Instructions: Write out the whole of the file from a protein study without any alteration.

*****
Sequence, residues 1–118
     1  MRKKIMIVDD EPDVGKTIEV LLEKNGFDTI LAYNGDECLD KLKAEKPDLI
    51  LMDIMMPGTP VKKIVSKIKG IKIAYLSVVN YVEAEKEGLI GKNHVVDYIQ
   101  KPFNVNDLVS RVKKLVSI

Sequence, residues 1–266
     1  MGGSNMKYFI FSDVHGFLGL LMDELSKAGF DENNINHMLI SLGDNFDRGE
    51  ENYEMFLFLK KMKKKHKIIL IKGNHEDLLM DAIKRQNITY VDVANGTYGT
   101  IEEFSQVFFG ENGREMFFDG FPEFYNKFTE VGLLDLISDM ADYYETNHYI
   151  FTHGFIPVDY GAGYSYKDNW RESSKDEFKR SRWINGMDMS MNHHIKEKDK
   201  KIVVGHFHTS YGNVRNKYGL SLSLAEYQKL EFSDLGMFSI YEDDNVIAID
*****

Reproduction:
Sequence, residues 1–118
     1  MRKKIMIVDD EPDVGKTIEV LLEKNGFDTI LAYNGDECLD KLKAEKPDLI
    51  LMDIMMPGTP VKKIVSKIKG IKIAYLSVVN YVEAEKEGLI GKNHVVDYIQ
   101  KPFNVNDLVS RVKKLVSI

Sequence, residues 1–266
     1  MGGSNMKYFI FSDVHGFLGL LMDELSKAGF DENNINHMLI SLGDNFDRGE
    51  ENYEMFLFLK KMKKKHKIIL IKGNHEDLLM DAIKRQNITY VDVANGTYGT
   101  IEEFSQVFFG ENGREMFFDG FPEFYNKFTE VGLLDLISDM ADYYETNHYI
   151  FTHGFIPVDY GAGYSYKDNW RESSKDEFKR SRWINGMDMS MNHHIKEKDK
   201  KIVVGHFHTS YGNVRNKYGL SLSLAEYQKL EFSDLGMFSI YEDDNVIAID